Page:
January 26, 2009
The Supreme Court ruled unanimously Monday that workers who cooperate with internal investigations of retaliation by their employers are sheltered by federal laws prohibiting job discrimination. In the opinion, the justices held that a longtime school system employee in Tennessee can pursue a civil rights lawsuit over her firing.
The court voted to reverse the 6th U.S. Circuit Court of Appeals’ ruling that the anti-retaliation provision of Title VII of the 1964 Civil Rights Act does not apply to employees who merely cooperate with an internal probe rather than complain on their own or take part in a formal investigation.
“The question here is whether this protection extends to an employee who speaks out about discrimination not on her own initiative, but in answering questions during an employer’s internal investigation. We hold that it does,” Justice David Souter said for the court.
Read Article: Mercury News
The family of a Belle Vernon man who died last year in a fire at a Seven Springs Mountain Resort condominium filed a wrongful death lawsuit against the condo association, chimney cleaning company, chimney manufacturer and others Thursday.
The estate of Jonathan Murt, 22, filed the lawsuit in Allegheny County court. The suit claims the condo’s owner, Burt Raitano of Charleroi, condo guest Anthony Valkanas of Pittsburgh, Fitzgerald Chimney Cleaning and a defunct chimney company were negligent, leading to Murt’s death.
Murt and his girlfriend, Sasha Zuro, 26, both died Jan. 27 of smoke inhalation.
Read Article: Daily American
A dozen years of litigation that earned lawyers more than $25 million ended for consumers last week in a short-lived cosmetics trick or treat at malls in Houston and around the country. The folks who picked up some free makeup or perfume in Houston didn’t seem to know or care about the lawsuit filed on their behalf, alleging that cosmetics manufacturers and sellers had fixed prices and discouraged discounting.
So what was the point?
Cynics would say it was just to make lawyers rich. Supporters of class-action lawsuits say it’s one of the few checks on corporate greed left in our legal system. For the women, and a few men, who waited 10 to 30 minutes in lines at Houston department stores on Tuesday, it was just kind of fun. Tuesday was the first and, in many cases, the last day of the giveaway that ran far short of its maximum of seven days because all the products were quickly gobbled up.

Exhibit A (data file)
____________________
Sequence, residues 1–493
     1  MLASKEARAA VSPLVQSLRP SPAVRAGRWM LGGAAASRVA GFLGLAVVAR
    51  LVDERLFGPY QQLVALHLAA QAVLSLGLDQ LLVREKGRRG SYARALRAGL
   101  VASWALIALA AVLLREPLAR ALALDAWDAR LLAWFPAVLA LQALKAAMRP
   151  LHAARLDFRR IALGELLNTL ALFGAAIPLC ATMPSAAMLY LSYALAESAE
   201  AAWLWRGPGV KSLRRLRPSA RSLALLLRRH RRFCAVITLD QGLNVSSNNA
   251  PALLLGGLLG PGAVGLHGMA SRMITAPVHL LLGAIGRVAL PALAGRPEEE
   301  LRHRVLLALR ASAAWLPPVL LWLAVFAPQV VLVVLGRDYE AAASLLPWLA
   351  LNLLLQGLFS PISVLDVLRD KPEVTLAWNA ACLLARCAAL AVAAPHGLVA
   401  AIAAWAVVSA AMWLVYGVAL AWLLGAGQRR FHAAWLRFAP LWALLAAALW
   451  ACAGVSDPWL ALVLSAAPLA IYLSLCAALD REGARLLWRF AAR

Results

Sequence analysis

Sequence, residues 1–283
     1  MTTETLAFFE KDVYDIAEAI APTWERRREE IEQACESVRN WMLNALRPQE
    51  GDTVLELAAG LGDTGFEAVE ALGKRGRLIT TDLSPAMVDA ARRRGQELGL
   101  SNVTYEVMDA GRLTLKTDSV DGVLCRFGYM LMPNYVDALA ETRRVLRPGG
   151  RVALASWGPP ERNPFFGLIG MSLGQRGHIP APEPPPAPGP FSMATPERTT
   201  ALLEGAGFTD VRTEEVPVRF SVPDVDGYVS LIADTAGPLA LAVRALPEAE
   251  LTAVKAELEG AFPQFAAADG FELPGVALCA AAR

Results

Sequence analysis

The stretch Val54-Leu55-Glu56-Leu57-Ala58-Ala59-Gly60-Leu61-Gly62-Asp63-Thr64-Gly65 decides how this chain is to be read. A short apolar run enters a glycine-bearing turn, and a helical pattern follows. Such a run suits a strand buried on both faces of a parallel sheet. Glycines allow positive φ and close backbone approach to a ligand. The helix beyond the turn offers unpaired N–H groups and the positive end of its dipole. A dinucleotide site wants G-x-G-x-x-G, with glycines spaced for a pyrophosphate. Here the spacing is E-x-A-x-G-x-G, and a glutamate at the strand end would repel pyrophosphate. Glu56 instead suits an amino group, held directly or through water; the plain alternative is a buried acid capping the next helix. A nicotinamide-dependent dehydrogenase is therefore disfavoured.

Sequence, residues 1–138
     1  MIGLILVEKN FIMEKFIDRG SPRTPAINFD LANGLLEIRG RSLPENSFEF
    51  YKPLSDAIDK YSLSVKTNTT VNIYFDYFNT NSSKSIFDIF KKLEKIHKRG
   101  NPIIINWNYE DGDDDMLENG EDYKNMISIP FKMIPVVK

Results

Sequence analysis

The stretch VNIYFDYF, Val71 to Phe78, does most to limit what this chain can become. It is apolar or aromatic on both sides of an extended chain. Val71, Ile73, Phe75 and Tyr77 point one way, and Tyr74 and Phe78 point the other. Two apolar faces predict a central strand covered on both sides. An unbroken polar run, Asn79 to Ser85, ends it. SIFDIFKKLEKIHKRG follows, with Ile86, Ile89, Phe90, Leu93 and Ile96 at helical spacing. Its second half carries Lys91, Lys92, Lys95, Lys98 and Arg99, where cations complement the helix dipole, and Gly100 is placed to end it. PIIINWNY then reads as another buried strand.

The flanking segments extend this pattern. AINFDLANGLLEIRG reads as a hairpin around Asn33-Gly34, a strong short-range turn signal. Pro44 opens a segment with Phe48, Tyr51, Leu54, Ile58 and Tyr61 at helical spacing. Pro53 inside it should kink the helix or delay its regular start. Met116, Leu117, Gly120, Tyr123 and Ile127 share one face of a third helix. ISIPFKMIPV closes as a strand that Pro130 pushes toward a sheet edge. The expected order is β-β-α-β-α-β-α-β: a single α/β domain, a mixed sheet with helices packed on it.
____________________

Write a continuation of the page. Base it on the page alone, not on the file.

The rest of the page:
Few of the people interviewed could summon outrage or even interest in the underlying litigation that led to their being handed something like Lancome Fatale black mascara or a pretty pink box containing 6.7 ounces of Romance shower gel.
Read Article: Houston Chronicle
When the University of Kentucky published new research in 2008 suggesting that exposure to a common industrial solvent might increase the risk for Parkinson’s disease, the moment was a source of satisfaction to Ed Abney, a 53-year-old former tool-and-die worker.
Mr. Abney, now sidelined by Parkinson’s, had spent more than two decades up to his elbows in a drum of the solvent, trichloroethylene, while he cleaned metal piping at a now-shuttered Dresser Industries plant here.
The university study had focused on him and his factory co-workers who worked near the same 55-gallon drum of the vaguely sweet-smelling chemical. It found that 27 workers had either the anxiety, tremors, rigidity or other symptoms associated with Parkinson’s, or had motor skills that were significantly impaired, compared with a healthy peer group. The study, Mr. Abney thought, was the scientific evidence he needed to claim worker’s compensation benefits.
Read Article: New York Times
A Washington state agency is paying about $800,000 to settle a sexual harassment claim by three women.
The case was brought by three women in the Tacoma office of the Department of Labor and Industries. They claim they were repeatedly harassed and intimidated by a co-worker, Phillip Scott, and Carter Mitchell, a supervisor. They also say one woman was racially harassed and that a manager, Gail Hughes, refused to deal with the problems.
Two plaintiffs, Linda Bang and Janis Fleming, still work in the office. A lawyer for the three, Darrell Cochran, says the third, Mercy Fernandez-Figueroa, left the job because of the stress of the harassment and the lawsuit. They were seeking $1.1 million.
Read Article: Seattle Post-Intelligencer
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